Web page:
Draw a Line in the Sand

draw a line in the sand

Inside: Every single decision to draw a line in the sand has altered the course of my life. It isn’t that life became miraculously easy but that I changed how I see.

I remember the day, almost like it was yesterday. I decided to live.

I had tried three times to kill myself and after this time failed, I felt like a loser. I couldn’t even do this right. But I was also tired.

I was tired of trying and failing. So I decided to live.

I didn’t know how I would live—only that I would. That was the first time I remember drawing a line in the sand.

I like to tell people that I am stubborn. My stubbornness is one of my greatest strengths, I think. It kept me alive on more than one occasion. Not when I was trying to die. But after. It helped me carve my own path in life, for which I am grateful.

My stubbornness helps me show up through fear and be real.

For most of my life I felt weak and inadequate. But this was inaccurate. I was stronger than I realized. I walked through some hard stuff and had almost no help. My stubbornness and curiosity led me to read and learn and persist. I see now that I can do hard things; my stubbornness kicks in when I need it. Like when I draw a line in the sand.

I decided to draw a line in the sand.


That first line was when, at 18 years old, I decided to live.

I was 31 the second time. I remember exactly where I was: walking from the little kitchen of my first 80-year-old home into the entryway. I was filled with fear. My mom had died, I was having panic attacks and had returned to binge eating in an attempt to dull the pain. I had been running and numbing for most of my life at that point and in that moment, I was done.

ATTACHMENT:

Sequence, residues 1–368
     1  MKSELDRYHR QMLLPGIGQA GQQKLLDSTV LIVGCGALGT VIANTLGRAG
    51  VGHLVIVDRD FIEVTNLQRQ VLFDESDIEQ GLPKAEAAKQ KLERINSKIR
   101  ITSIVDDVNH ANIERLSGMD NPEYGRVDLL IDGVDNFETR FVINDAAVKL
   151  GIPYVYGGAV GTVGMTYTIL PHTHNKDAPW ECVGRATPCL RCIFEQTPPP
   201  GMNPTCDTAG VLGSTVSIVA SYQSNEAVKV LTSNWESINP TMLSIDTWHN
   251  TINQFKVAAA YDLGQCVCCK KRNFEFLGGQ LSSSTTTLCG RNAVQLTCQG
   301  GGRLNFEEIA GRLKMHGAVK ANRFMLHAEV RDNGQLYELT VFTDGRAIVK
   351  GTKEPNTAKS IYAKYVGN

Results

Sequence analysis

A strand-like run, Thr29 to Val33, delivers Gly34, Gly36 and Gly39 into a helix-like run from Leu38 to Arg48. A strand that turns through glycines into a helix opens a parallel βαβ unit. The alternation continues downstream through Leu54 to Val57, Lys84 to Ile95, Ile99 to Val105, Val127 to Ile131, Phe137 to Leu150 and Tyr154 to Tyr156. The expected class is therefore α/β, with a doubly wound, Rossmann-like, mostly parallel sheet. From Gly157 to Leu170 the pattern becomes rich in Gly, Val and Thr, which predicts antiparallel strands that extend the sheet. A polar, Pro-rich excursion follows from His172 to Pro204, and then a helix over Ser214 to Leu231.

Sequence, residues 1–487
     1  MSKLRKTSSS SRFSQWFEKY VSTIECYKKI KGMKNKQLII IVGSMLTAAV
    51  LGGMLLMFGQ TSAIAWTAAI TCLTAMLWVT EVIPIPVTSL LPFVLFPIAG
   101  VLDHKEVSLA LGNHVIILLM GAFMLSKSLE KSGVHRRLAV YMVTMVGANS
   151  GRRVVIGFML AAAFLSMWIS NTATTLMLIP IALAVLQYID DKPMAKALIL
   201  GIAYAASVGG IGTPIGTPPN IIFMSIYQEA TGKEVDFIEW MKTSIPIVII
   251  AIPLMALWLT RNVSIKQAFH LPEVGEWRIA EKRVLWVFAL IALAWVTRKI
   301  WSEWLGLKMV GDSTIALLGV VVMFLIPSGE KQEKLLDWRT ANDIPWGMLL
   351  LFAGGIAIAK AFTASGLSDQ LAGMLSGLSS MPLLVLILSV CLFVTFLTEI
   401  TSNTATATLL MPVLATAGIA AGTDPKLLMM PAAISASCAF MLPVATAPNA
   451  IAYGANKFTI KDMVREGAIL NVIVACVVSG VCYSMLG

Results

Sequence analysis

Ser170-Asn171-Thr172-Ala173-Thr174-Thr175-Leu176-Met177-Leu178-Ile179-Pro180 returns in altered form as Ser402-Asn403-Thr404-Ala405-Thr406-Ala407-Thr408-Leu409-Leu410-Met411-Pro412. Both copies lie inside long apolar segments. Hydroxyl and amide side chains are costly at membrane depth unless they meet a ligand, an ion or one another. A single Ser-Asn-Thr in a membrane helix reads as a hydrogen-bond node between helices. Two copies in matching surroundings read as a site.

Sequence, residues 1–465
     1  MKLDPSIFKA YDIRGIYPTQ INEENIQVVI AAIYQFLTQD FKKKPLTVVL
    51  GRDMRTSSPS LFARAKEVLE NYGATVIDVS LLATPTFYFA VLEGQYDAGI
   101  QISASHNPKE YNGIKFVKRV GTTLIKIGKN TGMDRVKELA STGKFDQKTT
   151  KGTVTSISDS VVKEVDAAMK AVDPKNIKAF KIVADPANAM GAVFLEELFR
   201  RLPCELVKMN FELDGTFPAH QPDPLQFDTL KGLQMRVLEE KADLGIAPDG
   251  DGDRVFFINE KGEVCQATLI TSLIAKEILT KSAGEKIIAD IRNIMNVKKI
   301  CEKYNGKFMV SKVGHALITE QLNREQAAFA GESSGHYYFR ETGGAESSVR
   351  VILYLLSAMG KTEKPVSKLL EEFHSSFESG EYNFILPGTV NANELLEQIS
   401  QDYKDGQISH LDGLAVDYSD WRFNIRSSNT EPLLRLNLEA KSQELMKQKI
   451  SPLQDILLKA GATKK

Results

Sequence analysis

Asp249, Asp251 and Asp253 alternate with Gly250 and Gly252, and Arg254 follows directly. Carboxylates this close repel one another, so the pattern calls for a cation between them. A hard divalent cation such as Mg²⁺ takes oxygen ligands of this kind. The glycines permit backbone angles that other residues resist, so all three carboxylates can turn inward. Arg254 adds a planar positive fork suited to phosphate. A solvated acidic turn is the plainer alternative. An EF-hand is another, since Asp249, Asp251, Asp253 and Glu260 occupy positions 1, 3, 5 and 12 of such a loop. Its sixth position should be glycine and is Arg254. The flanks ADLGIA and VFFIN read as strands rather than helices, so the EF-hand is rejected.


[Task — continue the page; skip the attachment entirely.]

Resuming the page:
I was done running. I planted my feet and decided I wasn’t running from fear any more. I pivoted and turned my body 180 degrees and faced fear head on for the very first time in my life. That was the beginning of learning I was far stronger than I knew.

Life didn’t miraculously become easy after either of these experiences. I still had to show up the next day and the next. Afraid. I didn’t know what I was doing. There was no textbook to guide me. But I kept showing up.

My third child arrived when I was 33. It was a hard pregnancy. I was exhausted and sick for months of it, and my hips were in excruciating pain. I felt like something was off the whole time. But she was wanted. And one day, after she arrived, and as I held her little six-pound body, I realized something. I realized I would never again diet or treat my body with contempt. For her sake and mine, I decided to love myself. I drew a line in the sand.

Every single decision to draw a line in the sand has altered the course of my life. It isn’t that life became miraculously easy but that I changed how I see.


My stubbornness has served me well, but over the years I’ve awakened to the truth that I am knit together with other gifts too. The very characteristics that often got me into trouble or made me feel somehow less than—I see now that they serve as my weapon and shield.

I am a questioner and wrestler, one who seeks truth. I don’t settle for status quo or complacency. I am willing to do hard things and tell the truth.

It is true that once upon a time, my sensitivity and deep feelings threatened to crush me, but now I use that strength to offer hope and encouragement to others. I am a recovering perfectionist who scans for beauty and sees how this messy world can be made better.